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    ARTICLES

    Written by Andrew Stewart – Partner, Morrison Kent

    The long-awaited Trusts Act 2019 will come into effect on 30 January 2021. Anyone involved with a trust now has until that date to prepare for the changes.

    Many trusts in New Zealand are passive asset holding vehicles. Historically, these trusts have involved relatively minimal management or involvement from the trustees, except where the trust is carrying out transactions. However, under the new Act, trustees (including independent trustees) are required to take a far more active and ongoing role in the administration of their trusts.

    The new Act sets out trustee duties under two headings. Some duties are “mandatory” duties and apply to every trust.  Other duties are “default” duties and will apply unless specifically negated. Now is a good time to review your trust deed and make a decision as to any amendments that might be required.

    New obligations are also introduced by the new Act. Two of these obligations relate to keeping of trust records and disclosure of information.

    Trust Reviews

    We suggest that now is a good time to complete a trust review in anticipation of the new Act coming in to force to ensure that the trust is ready to be managed appropriately once the new law applies.   Some common areas for consideration are:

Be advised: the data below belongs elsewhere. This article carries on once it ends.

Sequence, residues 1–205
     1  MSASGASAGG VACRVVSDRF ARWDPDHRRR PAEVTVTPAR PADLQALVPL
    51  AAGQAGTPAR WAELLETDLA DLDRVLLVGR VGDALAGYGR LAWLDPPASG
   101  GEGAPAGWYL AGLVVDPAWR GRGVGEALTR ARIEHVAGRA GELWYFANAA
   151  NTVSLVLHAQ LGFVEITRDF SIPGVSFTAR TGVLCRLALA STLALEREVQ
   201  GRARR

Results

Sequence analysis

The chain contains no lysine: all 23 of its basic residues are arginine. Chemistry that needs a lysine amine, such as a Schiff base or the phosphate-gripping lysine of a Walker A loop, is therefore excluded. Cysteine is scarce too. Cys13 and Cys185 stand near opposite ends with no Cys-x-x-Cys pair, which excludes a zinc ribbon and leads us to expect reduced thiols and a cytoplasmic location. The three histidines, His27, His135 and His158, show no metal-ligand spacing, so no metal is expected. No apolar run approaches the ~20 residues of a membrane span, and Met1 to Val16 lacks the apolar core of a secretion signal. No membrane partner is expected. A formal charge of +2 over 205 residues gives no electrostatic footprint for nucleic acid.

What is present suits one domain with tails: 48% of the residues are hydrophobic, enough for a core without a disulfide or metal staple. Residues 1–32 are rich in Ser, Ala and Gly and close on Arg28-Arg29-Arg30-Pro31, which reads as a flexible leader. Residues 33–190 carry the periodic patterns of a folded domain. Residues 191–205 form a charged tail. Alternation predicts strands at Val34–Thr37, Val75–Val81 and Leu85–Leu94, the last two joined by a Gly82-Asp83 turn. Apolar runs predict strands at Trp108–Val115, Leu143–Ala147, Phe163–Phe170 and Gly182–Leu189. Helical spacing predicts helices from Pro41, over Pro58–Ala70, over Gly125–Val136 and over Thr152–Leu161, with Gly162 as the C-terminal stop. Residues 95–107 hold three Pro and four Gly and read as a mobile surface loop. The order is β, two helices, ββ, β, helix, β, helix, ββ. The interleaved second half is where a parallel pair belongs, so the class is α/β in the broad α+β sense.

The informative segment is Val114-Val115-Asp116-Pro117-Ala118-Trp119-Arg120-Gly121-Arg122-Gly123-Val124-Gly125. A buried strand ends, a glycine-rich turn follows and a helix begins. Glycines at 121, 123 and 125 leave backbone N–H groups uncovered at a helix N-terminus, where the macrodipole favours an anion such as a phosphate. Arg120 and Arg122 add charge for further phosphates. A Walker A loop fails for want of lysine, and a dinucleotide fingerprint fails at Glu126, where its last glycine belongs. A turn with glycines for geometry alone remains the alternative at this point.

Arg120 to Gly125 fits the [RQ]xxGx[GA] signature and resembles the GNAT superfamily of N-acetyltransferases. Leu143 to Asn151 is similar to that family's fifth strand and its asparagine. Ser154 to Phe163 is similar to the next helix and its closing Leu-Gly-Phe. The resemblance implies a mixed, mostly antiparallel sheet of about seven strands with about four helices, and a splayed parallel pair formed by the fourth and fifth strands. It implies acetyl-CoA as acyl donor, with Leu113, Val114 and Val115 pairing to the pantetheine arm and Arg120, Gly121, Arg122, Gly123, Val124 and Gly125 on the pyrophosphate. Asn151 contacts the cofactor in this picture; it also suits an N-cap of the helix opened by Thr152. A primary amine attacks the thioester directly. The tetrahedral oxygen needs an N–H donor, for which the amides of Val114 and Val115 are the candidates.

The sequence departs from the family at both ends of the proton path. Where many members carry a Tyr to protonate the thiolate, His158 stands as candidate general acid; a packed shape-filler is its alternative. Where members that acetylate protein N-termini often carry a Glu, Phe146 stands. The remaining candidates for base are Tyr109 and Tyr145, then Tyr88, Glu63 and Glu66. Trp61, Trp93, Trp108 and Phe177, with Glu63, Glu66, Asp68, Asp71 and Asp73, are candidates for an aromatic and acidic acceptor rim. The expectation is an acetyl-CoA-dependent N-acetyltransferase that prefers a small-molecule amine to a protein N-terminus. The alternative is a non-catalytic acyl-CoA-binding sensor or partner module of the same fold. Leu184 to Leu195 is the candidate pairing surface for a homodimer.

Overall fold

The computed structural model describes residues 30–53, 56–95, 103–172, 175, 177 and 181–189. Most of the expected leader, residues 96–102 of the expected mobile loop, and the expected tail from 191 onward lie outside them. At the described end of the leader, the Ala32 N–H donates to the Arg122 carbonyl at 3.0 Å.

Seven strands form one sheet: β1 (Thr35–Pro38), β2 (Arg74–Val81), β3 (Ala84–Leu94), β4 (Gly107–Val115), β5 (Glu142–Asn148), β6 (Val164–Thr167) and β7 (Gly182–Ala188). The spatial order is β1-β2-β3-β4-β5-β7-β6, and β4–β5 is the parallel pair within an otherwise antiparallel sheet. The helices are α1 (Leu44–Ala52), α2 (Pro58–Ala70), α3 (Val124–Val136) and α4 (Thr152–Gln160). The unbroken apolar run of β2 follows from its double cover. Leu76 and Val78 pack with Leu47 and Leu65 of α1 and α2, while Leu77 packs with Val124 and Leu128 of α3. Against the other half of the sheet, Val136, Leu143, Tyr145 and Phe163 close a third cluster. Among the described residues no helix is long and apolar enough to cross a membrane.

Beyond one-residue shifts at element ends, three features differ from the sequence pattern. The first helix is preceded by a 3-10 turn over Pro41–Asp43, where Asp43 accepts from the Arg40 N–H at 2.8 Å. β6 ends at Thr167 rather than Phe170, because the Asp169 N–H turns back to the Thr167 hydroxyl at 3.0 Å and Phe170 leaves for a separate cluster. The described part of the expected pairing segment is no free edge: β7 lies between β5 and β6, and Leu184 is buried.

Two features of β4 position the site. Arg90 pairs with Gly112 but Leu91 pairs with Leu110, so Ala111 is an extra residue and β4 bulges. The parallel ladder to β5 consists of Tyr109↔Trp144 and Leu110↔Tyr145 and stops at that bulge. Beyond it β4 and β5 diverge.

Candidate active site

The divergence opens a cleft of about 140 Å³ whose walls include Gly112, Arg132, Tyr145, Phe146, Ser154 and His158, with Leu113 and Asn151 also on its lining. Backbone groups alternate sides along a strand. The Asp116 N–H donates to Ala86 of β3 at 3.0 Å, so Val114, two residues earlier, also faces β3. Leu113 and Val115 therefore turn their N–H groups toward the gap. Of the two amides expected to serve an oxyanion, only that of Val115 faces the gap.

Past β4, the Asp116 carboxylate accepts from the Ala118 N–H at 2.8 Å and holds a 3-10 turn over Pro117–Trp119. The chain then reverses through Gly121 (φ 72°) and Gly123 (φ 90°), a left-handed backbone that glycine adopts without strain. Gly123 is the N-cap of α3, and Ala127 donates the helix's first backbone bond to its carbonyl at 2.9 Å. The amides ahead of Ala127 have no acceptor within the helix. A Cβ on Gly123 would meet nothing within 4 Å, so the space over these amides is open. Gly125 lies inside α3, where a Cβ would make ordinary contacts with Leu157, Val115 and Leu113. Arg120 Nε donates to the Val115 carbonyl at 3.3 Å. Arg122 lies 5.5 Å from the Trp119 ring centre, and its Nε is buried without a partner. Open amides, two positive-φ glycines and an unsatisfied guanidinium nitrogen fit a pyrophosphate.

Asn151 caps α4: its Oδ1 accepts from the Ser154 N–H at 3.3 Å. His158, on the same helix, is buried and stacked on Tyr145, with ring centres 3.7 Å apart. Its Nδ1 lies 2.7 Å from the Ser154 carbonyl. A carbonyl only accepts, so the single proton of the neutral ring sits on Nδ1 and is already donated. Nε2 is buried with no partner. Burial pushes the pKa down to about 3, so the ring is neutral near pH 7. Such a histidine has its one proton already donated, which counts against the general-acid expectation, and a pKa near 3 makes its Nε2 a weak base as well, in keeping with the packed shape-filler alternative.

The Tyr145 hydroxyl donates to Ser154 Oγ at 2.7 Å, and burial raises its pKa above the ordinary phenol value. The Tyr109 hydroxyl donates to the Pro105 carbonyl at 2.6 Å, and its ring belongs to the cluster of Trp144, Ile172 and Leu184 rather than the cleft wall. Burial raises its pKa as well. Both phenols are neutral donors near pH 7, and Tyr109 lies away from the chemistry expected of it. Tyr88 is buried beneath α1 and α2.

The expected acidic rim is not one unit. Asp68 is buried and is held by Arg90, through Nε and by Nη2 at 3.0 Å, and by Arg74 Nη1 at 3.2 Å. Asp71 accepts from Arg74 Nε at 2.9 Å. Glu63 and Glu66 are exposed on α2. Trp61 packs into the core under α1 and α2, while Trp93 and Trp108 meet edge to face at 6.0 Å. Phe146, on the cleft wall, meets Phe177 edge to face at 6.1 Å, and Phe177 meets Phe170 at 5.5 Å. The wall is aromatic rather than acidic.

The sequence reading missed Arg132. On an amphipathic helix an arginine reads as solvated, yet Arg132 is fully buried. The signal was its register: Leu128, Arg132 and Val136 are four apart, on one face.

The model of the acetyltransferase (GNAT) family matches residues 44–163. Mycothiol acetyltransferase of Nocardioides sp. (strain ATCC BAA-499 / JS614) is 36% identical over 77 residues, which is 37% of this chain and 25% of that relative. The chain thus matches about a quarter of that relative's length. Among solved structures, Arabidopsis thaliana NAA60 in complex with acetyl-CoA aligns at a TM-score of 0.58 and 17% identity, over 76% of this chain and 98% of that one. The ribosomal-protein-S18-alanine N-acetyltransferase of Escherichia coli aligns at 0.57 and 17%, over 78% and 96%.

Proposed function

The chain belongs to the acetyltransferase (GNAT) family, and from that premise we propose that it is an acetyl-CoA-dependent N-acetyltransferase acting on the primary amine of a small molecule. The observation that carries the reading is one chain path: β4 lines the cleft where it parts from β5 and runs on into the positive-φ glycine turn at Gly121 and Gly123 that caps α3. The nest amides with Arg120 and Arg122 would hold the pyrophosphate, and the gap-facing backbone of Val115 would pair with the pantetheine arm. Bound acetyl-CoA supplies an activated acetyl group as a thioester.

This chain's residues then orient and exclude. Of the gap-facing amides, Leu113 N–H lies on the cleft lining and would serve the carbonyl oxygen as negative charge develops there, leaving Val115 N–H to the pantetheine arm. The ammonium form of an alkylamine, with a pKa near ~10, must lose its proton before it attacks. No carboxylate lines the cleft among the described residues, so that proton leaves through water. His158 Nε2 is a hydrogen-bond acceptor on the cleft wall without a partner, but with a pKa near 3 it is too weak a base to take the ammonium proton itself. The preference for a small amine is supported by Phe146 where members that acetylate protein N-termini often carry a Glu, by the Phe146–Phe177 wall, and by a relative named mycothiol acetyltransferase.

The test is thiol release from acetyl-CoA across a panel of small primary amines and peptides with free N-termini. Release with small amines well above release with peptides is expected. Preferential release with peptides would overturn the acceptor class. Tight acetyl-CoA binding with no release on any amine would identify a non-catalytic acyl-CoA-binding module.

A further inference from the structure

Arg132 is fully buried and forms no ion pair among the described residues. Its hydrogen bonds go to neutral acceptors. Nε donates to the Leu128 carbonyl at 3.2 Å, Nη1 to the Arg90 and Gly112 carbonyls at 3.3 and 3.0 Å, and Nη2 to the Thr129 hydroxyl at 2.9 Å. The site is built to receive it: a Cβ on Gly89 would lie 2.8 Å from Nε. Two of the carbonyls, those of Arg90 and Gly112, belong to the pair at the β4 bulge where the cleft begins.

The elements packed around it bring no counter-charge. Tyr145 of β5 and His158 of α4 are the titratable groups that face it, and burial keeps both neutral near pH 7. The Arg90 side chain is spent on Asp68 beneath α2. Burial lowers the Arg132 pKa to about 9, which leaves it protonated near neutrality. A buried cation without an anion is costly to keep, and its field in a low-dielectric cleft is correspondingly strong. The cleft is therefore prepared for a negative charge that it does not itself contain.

• Ensuring each trustee has (and retains) copies of trust records;
    • Ensuring that trustees are aware of the obligation under the new Act to provide some basic information to beneficiaries (the existence of the trust, the fact they are beneficiaries, the names and details of trustees, and the right of a beneficiary to request a copy of the deed of trust information);
    • Ensuring the list of beneficiaries set out in the trust deed is correct. How wide are the classes of beneficiaries and is there priority as between beneficiaries for consideration?
    • Reviewing trustee duties to ensure appropriate changes are made ahead of January 2021.

    If you have a trust (or are thinking of forming a trust), you should be seeking specialist legal advice to see how the new Act could affect you, sooner rather than later.

     

    Article source: Morrison Kent

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